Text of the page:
Everactive is an industrial IoT (IIoT) company that combines battery-free, self-powered sensors and powerful cloud analytics to provide end-to-end IIoT solutions to their customers. Everactive’s batteryless sensors enable them to monitor factory devices and collect data in a more economical way, which means that their industrial data streams are more detailed and cover more equipment than competitors. Everactive chips are built in-house, designed for harsh settings, and can operate indefinitely from low levels of energy harvested from heat or light. Everactive’s customers include Fortune 500 manufacturers in many industries, including process manufacturing and chemical processing.
Everactive experienced three main problems with PostgreSQL and non-time-series databases: major performance and indexing problems, a lack of queries specific to their types of data, and the lack of a quick onboarding process for engineers as the company scaled. Before TimescaleDB, Everactive stored metadata in PostgreSQL and sensor data in OpenTSDB. Over time, OpenTSDB became increasingly slow and brittle—it had become normal for OpenTSDB to crash multiple times per week from users asking for too much data at once.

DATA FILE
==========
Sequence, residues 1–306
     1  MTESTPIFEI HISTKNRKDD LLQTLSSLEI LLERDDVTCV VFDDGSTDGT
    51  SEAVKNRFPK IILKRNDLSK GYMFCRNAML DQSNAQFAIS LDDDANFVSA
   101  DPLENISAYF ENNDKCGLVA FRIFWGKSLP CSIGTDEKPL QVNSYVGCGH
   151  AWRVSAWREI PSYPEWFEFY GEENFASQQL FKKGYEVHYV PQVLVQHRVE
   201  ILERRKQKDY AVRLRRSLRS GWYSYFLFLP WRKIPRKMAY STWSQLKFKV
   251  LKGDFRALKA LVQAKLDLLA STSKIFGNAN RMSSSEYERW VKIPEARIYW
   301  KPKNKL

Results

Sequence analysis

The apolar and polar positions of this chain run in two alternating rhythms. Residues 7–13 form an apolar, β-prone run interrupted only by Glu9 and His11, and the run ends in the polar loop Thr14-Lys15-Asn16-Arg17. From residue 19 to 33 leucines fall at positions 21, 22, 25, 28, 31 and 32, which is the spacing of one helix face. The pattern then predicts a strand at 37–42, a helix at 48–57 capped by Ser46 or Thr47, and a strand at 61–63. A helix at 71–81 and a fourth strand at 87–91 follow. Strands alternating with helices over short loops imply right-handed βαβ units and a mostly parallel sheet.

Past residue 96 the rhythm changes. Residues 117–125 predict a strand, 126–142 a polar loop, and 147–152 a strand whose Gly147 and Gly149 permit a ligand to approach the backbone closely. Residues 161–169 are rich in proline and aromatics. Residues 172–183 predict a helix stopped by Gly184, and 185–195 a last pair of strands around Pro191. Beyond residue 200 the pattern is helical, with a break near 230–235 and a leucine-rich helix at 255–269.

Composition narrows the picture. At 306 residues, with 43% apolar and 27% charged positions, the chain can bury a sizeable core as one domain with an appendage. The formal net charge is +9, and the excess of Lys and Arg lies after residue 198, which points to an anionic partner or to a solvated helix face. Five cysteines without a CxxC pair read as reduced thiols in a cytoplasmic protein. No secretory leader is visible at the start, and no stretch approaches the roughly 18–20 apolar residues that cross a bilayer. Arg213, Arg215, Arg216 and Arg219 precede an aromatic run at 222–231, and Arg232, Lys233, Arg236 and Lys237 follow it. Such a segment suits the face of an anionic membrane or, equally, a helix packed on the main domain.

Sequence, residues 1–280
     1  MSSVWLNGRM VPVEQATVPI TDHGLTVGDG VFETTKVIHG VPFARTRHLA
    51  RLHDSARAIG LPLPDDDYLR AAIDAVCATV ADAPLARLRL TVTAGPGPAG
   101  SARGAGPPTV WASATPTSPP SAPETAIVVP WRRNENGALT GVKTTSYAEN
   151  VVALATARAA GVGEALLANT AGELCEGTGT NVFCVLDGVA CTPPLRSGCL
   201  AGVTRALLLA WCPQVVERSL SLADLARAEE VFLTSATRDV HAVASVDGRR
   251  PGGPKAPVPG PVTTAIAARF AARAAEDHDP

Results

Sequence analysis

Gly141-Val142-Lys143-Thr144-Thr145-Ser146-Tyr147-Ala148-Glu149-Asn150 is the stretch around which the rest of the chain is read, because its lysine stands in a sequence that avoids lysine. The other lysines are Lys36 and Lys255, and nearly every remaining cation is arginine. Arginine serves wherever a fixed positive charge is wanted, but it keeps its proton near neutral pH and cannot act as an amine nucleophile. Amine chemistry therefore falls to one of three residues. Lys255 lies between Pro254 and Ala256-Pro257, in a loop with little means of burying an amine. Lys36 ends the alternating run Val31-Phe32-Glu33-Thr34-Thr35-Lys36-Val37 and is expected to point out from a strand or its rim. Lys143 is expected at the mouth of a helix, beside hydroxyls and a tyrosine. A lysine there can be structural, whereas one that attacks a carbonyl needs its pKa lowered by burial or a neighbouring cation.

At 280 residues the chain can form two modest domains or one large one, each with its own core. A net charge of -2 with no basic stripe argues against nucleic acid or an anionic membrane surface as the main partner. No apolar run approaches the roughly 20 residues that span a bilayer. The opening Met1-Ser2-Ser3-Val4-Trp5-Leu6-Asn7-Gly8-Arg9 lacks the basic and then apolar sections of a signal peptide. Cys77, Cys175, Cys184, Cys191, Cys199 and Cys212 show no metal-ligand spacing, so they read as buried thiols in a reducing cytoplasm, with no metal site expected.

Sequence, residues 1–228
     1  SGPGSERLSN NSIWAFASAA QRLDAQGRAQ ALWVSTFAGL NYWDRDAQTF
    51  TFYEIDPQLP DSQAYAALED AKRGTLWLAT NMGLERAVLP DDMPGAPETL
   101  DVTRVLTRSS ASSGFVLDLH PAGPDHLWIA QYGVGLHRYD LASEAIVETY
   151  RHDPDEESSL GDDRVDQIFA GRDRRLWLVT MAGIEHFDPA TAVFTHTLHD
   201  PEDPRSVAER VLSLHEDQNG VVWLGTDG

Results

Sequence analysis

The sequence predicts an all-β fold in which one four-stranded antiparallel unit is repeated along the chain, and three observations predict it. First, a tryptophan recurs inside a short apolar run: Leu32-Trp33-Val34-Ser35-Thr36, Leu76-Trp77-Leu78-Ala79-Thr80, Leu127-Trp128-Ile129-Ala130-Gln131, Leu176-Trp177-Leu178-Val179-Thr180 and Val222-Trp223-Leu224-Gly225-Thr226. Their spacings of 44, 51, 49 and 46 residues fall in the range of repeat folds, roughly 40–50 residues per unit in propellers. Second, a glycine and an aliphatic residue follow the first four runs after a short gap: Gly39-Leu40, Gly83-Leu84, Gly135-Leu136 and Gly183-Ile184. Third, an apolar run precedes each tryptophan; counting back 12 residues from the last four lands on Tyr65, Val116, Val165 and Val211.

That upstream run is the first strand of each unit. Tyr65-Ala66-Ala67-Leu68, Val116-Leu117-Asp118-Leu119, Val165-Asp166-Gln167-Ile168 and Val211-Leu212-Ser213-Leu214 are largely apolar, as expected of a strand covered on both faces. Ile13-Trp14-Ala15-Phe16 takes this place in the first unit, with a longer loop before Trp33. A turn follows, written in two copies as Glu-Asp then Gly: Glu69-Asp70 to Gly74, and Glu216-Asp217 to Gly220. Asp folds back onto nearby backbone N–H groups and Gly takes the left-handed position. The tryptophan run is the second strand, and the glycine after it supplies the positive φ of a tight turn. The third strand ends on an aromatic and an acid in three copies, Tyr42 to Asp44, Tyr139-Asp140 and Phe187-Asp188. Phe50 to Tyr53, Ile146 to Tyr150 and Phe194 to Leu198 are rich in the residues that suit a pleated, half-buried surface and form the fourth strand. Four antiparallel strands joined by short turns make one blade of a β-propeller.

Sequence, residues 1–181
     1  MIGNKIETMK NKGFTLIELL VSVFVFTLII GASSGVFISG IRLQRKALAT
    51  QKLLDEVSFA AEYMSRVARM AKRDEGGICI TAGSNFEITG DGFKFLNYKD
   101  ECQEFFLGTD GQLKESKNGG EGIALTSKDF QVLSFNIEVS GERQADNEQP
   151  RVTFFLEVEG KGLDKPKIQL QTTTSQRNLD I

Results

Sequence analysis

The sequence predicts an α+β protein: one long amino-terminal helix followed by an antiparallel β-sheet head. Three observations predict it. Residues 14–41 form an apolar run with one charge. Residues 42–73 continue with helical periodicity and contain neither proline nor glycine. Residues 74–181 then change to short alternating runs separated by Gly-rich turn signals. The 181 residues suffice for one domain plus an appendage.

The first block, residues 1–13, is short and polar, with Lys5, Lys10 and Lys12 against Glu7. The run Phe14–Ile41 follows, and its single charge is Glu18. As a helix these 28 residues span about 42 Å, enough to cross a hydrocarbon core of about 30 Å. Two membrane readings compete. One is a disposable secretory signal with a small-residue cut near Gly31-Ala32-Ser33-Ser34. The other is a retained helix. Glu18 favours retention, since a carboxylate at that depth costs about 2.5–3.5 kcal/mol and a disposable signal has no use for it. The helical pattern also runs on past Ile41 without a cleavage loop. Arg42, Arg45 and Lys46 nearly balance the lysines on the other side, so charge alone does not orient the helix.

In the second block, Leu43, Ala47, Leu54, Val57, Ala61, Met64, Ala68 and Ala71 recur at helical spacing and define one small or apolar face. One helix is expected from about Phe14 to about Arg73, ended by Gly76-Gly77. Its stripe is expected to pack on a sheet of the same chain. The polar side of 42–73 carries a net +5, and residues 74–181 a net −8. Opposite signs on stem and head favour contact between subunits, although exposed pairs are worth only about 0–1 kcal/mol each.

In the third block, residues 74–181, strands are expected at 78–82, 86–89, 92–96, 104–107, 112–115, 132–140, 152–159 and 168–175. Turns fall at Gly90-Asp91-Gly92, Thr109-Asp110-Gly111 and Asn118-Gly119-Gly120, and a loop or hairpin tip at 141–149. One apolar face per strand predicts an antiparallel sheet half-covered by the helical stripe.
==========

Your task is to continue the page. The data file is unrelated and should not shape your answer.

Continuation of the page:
Everactive chose TimescaleDB because it let them double down on PostgreSQL, which they loved using for metadata about their packet streams. They looked briefly at competitors like InfluxDB but stopped considering them once it was clear TimescaleDB would exceed their needs. TimescaleDB was faster than their previous OpenTSDB system. More importantly, nobody has ever crashed it.
Everactive ingests data from thousands of sensors into TimescaleDB, then surfaces it to their customers through dashboards, charts, and automated alerts. Everactive shows customers their data through a web-based dashboard and also has internal applications to help their in-house domain experts review and label customer data to improve their automated failure detection.
One not very carefully benchmarked but huge performance increase they’ve seen? They have a frontend view that requires the last data point from all sensors. In OpenTSDB, it required nearly 10 minutes to load (due to hard-to-fix tail latencies in HBase). With their first TimescaleDB deployment? It only took around seven seconds. Further improvements to their schema and access patterns have brought these queries into the sub-second range.
, Data Science Staff Engineer
Data Science Staff Engineer